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Tennessee Capitalizes On Vanderbilt Mistakes, Takes Series Opener

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NASHVILLE, Tn — Tennessee made a major mistake when it used a bat lacking the sticker marking an approved bat in the first inning of Friday’s, 6-2, series opening win at Vanderbilt

The use of the bat that was either unapproved or lost its proper approved sticker — which Tennessee claims — turned a first inning home run into an inning ending strikeout.

But from there it was Vanderbilt that made the costly mistakes as Tennessee won its program record 17th straight game.

With Tennessee leading 2-1 in the fifth inning, a series of Vanderbilt miscues completely changed the complexion of the game.

First, Vanderbilt outfielders Javier Vaz and Enrique Bradfield Jr. couldn’t find a Seth Stephenson fly ball that dropped between the two of them in shallow left-centerfield.

That brought Beck up to the plate with a pair of runners on base. With “cheater” comments raining down on him, the sophomore outfielder roped the first pitch of the at-bat into the right-center gap for a two-RBI double.

“That’s kind of funny actually,” said Beck about claims Tennessee is cheating. “But no, we have some real firepower this year. I would say the other ball that I hit in the gap too was hit pretty well too and that was with a different bat too. The bats don’t matter. You could give us wood bats and it really doesn’t matter to us. We have an explosive team and we’re going to keep doing it this year.”

A wild pitch allowed Beck to advance to third and while the Vols’ failed to get him home with one-out, Trey Lipscomb sent a sky-high fly ball to shallow right field.

Vanderbilt’s Carter Young never seemed to find the ball, backing up to the warning track before the ball dropped 40-feet in front of him. Lipscomb’s fly ball ended up as a triple and ended Vanderbilt starter Chris McElvain’s day.

“The sky was kind of the midrange,” Tennessee head coach Tony Vitello said. “It wasn’t day time. It wasn’t night time. Also last night, when we practiced on Thursday night, I will give myself some credit. I hit some fungoes high enough to go above the lights even though I am not very strong. If it gets above those things, our guys were having trouble seeing them. I can’t speak for their guys. But I assume those were lifted high enough in the air that it was above the lights.”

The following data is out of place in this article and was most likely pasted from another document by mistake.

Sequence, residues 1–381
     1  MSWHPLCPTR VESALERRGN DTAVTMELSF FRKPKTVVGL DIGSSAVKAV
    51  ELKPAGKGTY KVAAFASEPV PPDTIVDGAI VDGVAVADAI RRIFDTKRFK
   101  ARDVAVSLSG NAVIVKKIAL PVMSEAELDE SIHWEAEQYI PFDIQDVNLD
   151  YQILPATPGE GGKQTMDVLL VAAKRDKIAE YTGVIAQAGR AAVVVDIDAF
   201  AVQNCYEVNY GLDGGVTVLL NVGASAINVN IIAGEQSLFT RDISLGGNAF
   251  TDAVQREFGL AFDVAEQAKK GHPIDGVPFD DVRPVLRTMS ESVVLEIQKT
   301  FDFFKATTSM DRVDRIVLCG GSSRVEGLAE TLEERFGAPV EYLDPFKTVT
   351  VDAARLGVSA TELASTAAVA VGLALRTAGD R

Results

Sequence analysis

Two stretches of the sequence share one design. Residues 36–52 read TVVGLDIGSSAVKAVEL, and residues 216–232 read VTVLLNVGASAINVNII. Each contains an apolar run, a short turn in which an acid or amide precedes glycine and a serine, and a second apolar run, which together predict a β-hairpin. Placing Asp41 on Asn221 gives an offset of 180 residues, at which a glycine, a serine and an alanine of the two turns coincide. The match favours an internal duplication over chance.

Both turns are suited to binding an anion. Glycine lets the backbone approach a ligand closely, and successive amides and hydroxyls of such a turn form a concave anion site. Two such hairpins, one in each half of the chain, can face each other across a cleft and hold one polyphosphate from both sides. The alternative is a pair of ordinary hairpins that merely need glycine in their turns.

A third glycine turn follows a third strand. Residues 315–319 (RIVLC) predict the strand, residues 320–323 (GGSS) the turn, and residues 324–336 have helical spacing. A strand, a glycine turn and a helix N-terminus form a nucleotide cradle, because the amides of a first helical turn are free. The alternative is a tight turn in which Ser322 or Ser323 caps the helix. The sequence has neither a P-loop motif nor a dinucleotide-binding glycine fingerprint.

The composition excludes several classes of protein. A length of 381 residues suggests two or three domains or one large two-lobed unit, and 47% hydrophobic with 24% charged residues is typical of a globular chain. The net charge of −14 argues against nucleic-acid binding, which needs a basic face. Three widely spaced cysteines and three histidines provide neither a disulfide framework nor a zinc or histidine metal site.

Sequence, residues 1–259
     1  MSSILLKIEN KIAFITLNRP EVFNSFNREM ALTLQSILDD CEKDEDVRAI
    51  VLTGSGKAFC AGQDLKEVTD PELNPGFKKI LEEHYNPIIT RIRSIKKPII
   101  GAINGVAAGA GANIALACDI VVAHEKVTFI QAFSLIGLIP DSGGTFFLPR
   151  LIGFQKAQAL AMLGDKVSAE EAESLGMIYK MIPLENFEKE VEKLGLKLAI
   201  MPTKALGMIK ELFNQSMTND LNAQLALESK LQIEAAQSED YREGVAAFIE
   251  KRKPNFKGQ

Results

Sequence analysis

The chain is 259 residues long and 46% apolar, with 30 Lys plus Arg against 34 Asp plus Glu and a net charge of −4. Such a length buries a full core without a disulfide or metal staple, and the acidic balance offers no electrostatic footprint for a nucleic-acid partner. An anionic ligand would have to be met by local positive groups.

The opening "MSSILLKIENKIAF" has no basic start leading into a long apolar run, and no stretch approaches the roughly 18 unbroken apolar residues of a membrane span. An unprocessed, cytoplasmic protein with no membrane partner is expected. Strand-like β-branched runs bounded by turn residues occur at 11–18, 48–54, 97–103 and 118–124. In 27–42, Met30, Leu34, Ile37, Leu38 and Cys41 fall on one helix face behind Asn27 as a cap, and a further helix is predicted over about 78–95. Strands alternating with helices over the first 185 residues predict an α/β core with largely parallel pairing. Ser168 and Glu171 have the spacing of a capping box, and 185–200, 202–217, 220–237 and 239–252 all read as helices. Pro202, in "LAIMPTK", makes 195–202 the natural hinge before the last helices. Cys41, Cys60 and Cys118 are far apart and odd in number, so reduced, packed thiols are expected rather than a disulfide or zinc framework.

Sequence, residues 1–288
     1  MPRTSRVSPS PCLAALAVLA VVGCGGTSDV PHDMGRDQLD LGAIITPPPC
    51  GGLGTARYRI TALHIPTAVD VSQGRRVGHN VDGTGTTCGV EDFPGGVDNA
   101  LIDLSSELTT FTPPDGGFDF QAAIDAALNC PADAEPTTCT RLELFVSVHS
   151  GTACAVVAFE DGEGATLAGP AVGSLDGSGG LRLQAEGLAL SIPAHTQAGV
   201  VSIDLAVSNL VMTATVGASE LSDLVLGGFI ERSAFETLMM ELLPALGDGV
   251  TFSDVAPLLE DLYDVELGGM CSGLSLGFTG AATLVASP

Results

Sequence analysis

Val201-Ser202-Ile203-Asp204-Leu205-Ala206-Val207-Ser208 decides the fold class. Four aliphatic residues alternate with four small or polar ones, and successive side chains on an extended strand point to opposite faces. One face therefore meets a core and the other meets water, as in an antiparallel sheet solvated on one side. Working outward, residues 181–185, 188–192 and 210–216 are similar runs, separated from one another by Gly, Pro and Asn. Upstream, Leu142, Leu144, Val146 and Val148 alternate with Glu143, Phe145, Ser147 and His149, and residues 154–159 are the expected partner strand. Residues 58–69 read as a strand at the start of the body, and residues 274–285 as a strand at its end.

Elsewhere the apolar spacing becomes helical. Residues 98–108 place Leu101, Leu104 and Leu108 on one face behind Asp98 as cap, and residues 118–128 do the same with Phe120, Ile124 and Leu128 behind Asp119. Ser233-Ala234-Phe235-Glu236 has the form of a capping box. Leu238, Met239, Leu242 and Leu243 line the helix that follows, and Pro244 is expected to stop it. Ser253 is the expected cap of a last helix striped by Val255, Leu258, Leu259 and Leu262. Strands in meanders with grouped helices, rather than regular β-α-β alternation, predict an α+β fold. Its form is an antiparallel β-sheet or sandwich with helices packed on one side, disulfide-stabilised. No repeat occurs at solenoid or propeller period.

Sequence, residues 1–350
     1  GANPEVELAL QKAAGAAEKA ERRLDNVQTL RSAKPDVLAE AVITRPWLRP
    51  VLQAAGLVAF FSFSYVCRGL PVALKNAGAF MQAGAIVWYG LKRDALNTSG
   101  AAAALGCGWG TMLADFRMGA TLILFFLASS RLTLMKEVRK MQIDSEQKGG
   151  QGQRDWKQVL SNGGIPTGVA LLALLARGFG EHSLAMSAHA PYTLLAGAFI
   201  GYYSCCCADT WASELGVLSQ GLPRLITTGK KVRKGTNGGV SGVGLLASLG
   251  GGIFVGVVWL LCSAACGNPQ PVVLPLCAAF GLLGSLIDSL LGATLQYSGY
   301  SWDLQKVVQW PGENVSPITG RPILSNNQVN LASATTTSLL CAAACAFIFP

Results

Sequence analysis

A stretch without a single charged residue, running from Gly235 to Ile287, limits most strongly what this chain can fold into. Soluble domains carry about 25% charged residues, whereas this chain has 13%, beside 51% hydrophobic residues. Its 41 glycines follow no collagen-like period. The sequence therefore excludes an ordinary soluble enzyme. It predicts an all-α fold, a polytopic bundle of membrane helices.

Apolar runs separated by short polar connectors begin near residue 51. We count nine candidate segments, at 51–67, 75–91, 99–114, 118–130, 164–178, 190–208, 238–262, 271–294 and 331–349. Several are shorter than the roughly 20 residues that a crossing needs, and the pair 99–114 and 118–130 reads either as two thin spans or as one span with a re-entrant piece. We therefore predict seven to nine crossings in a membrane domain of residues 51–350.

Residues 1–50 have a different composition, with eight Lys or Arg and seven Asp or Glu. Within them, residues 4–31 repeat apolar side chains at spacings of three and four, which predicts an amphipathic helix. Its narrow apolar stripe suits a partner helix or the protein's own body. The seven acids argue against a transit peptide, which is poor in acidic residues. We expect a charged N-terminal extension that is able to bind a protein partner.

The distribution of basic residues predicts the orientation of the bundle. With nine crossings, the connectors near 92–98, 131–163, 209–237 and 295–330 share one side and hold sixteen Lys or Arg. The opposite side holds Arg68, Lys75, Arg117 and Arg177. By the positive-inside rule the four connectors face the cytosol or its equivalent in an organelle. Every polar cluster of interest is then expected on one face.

According to reports from Vanderbilt beat writers, the Commodores have recently replaced the lights at Hawkins Field.

Vanderbilt coach Tim Corbin turned to LHP Hunter Owen to retire left-handed first baseman Luc Lipcius. Lipcius struggles badly with left-handed pitching and quickly fell behind 0-2 in the count. However, the Commodores made another mistake as an 0-2 pitch in the dirt got away from catcher Dominic Keegan allowing Lipscomb to score.

A 6-1 lead was all Tennessee needed to get to the finish line.

Freshman Chase Burns didn’t have his best outing of the season but was still effective, striking out seven batters while allowing just two earned runs in 5.1 innings. Vitello gave Burns the quick hook and the Tennessee bullpen proved excellent.

LHP Will Mabrey relieved Burns, stranding a runner on third base on his way to 1.2 scoreless innings.

“I think one of the reasons we got their starter out so quickly in (Chris) McElvain, he had good stuff but we had some at-bats that we grinded it out that made it a lot tougher on him than the scoreboard kind of looked,” Vitello said. “I think they were in the process of doing that to (Chase) Burns as well. They took as good of swings off that kid as any team that we have played so far. He was close to 100 pitches. The stuff was starting to fade a little bit. We decided to go with our guy that we had ready first our there.”

Mabrey got Tennessee into the eighth inning, lefty Kirby Connell came in for one at-bat — retiring Bradfield to open the eight inning. After struggling last week at Ole Miss, Camden Sewell got Tennessee to the finish line, allowing no hits and just one walk while recording the final five outs.

It wasn’t a dominant win for Tennessee, but it showed how hard the Vols are to beat. A handful of Vanderbilt mistakes gave the Vols’ extra opportunities and that’s all that they needed to improve to 7-0 in SEC play.

“The comment I made to our guys about that was the baseball gods or karma or whatever, I don’t think you can play the game and have that in the back of your mind,” Vitello said. “I think you just have to compete. Some of those at-bats, if you back track and watch the game or look at the box score, were very competitive at-bats. While we caught a couple breaks, I think our guys at least had, in part, something to do with that stuff.”

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